Joy of Cooking

Chef Alex Stanislaw has spent four decades on Maui infusing his food with happiness.


Story by Becky Speere | Photography by Ryan Siphers

Chef Stanislaw (center) flanked by his morning crew at the Sea House Restaurant.

When I poke my head into the kitchen of the Sea House Restaurant on Nāpili Bay, it doesn’t take me long at all to spot Chef Alex Stanislaw—there’s his tousled white hair, his ever-present boyish grin, his calm-in-the-storm energy holding together a frenetic kitchen. He greets me from across the grill, in the midst of firing off dinner orders. It may be the middle of the week in the tourism off-season but Stanislaw’s bar and restaurant is filled with locals and visitors alike.

The crowd is not a surprise to me. Maui may have dozens of restaurants to choose from, but it’s the tried-and-true chefs—the old-timers—who manage to grow a following of guests that return time and time again. And Stanislaw is definitely one of those chefs. He’s been on Maui for four decades, since he moved to the island in 1980. He was a graduate of the Culinary Institute of America and, “It was the middle of the winter on the East Coast when I saw a posting for chef positions on Maui,” he recalls of the year he decided to embrace a credo then popular on t-shirts: Here Today, Gone To Maui. He weighed the freezing temperatures in New York against sunshine and tradewinds, called it “a no-brainer,” and moved to the island sight unseen.

lobster tails with butter

In the years since, Alex has turned curating a global dining menu into an adventure, pulling together ingredients in new and delicious ways to make dishes like hulihuli lamb chops in lemon wine sauce or crispy coconut shrimp with fruit salsa. And no matter the restaurant or the time of day, I’ve never seen Alex with anything less than a joyful demeanor. What makes him tick, I wonder? Managing a kitchen staff of twenty-five is no easy task. Perhaps, I muse, Alex brings to the job not just his skills from CIA but also his history as a film student at Syracuse University. As a director, he keeps everything on point and moving in service of his vision. As a producer, he creates food in a timely manner while meeting his budget. As a casting director, he hires competent and dedicated cooks to execute his menus. No matter what his secret, the bottom line is that he’s a happy man. I’m reminded of a conversation he and I had years ago; what touched me then was his willingness to grow with and share in the development of his culinary staff. One can sense this in his kitchen, where he and his capable staff function like a well-oiled machine from the beginning of happy hour through to the last dessert. More recently we’d sat down together when I’d stopped into the restaurant for breakfast and he’d said to me, “I’ve been at Sea House for four years now and I feel fortunate to work with professionals in the kitchen who truly care about food and who want to learn.” And the public has noticed: Sea House is a past winner of the ‘Aipono Restaurant Awards for Best Happy Hour and Best Oceanfront Dining, and in 2018 it took the silver award for Maui’s Restaurant of the Year.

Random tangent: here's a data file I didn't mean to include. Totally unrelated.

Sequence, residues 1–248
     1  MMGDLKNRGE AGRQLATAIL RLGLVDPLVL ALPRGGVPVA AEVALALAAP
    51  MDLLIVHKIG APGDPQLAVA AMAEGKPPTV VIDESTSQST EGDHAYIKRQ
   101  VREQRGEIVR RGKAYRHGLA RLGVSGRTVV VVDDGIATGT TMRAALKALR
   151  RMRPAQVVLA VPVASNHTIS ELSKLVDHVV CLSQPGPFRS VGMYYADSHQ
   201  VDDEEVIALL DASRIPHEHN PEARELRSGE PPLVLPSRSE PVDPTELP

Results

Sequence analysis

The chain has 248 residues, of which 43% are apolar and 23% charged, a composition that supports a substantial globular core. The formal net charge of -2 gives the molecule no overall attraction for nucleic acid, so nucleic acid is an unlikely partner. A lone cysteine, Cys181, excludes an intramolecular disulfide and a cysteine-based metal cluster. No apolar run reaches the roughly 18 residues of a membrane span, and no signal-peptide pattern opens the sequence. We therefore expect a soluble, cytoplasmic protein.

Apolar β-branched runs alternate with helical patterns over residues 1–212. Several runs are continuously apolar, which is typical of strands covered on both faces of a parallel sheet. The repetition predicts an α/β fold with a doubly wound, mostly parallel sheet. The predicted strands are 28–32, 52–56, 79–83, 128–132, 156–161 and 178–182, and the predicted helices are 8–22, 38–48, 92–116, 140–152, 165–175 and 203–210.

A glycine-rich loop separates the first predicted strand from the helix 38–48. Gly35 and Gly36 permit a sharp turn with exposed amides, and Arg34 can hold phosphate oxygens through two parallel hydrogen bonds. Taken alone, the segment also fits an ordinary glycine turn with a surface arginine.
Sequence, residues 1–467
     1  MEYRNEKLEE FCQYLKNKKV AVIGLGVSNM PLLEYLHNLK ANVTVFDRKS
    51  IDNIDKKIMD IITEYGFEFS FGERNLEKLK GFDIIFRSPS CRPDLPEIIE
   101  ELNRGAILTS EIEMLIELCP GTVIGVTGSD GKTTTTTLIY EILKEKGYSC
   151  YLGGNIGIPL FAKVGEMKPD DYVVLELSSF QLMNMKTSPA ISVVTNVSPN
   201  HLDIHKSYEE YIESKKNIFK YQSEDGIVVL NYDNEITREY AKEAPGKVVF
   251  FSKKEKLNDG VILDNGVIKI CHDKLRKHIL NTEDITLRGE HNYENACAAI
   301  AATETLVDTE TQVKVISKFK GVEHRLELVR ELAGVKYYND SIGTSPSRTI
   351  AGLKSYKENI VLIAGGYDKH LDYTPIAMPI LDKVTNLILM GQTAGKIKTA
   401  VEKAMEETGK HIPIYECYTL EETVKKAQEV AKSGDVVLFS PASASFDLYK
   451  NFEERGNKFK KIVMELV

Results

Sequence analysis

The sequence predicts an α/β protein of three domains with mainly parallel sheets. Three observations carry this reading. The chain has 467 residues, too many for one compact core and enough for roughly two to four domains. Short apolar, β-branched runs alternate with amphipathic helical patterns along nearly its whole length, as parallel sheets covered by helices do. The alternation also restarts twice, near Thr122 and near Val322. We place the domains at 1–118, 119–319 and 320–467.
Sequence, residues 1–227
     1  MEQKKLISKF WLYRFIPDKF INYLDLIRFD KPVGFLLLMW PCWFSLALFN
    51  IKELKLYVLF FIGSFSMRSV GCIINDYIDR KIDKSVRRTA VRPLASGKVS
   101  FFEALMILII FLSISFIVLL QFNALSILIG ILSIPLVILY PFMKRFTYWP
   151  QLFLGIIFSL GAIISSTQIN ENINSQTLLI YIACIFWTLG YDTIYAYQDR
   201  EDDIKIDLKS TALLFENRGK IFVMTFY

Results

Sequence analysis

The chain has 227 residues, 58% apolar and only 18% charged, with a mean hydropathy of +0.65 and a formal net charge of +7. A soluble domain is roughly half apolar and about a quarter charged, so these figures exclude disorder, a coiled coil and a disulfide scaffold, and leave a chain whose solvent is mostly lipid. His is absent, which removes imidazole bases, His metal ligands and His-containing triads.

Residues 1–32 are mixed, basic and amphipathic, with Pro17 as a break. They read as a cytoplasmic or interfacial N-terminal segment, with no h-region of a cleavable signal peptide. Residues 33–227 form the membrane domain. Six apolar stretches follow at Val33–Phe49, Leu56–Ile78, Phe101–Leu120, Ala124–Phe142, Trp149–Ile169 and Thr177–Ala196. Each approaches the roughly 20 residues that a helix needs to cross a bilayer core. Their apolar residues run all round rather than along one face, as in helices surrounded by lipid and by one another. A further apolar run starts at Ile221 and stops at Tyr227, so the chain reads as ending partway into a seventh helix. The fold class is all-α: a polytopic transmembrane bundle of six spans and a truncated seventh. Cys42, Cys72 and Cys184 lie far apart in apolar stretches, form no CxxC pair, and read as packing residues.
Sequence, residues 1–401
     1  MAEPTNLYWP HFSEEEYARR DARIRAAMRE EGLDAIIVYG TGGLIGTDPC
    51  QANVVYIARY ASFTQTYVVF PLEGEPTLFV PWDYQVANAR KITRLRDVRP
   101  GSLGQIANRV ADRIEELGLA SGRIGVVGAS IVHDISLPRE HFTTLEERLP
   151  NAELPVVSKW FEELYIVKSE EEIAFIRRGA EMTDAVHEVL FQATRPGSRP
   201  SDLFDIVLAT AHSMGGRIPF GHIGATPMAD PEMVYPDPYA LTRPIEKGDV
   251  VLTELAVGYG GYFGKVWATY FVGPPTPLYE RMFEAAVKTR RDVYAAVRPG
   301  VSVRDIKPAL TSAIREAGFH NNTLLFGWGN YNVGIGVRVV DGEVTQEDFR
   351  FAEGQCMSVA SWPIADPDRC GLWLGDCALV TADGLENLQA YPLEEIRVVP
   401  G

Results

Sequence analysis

Tonight at the Sea House, I’m dining with a large group. My friends order a plate of two Australian lobster tails with drawn butter; mahimahi crusted with macadamia nuts; and crunchy golden coconut shrimp. A waiter passes me carrying the seared catch of the day, which is served with cilantro couscous and avocado crema. It looks terrific and I make a mental note to try it on my next visit if it’s still on the menu. My own dish arrives: monchong cooked in a provençale style, enveloped in a fragrant sauce of simmered roasted bell peppers, herbs and white wine. We all tuck into our dinners, relishing the flavors and freshness, and I savor each bite. After dinner I find a quiet moment to thank the chef. “Life is good,” he says. He graciously commends the front-of-house staff as well as the kitchen crew. He takes in the view of the filled dining room and adds, “We’re so lucky to live in Hawai‘i. It’s always a wonderment to me that I live and work here.” When I praise him for the preparation of the monchong, he smiles. “If you’re happy in the kitchen,” he says, “guests taste it in their food.”

I take pleasure in searching for the freshest and most sustainable fish and produce available in Hawai‘i, and this recipe’s bright and unadulterated flavors reflect that commitment. —Chef Alex Stanislaw

Sixty-Second Ceviche Recipe

Servings: Four to six

  • 4 4 oz. portions of fresh sustainable Hawaiian fish, cut into blocks; we generally use a‘u (Hawaiian billfish, usually striped marlin or small blue marlin), but ono also works
  • 5 Olowalu limes, juiced (Tahitian limes)
  • Hawaiian salt, to taste
  • 1 jalapeno pepper, sliced paper thin
  • 2 tbsp. extra virgin olive oil
  • 1 oz. cilantro leaves
  • Shichimi togorashi (Japanese spice blend) or Aleppo pepper, for garnish

Method: Slice the blocks of fish into thin slices and place in a bowl; you should have eight to ten slices from each block. Cover the fish with the lime juice and a good sprinkling of Hawaiian salt. Toss gently and allow to marinate for no more than to sixty seconds. Once the fish has marinated, it will become opaque on the surface. Remove the fish from the lime juice and array it on serving plates (at least six slices per plate, more if you’re like me). Drizzle the fish with your best extra virgin olive oil. Garnish with the jalapeno, cilantro leaves and a sprinkling of shichimi togorashi or Aleppo pepper on and around the fish. Grab some chopsticks and enjoy!


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